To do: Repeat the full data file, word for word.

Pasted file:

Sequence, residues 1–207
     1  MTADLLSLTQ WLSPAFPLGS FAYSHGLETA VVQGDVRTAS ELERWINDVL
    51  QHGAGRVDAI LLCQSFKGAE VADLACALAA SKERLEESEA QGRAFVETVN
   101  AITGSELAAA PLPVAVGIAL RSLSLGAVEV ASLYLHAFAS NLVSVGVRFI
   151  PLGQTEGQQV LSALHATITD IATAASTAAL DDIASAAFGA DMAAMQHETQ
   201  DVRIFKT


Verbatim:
Sequence, residues 1–207
     1  MTADLLSLTQ WLSPAFPLGS FAYSHGLETA VVQGDVRTAS ELERWINDVL
    51  QHGAGRVDAI LLCQSFKGAE VADLACALAA SKERLEESEA QGRAFVETVN
   101  AITGSELAAA PLPVAVGIAL RSLSLGAVEV ASLYLHAFAS NLVSVGVRFI
   151  PLGQTEGQQV LSALHATITD IATAASTAAL DDIASAAFGA DMAAMQHETQ
   201  DVRIFKT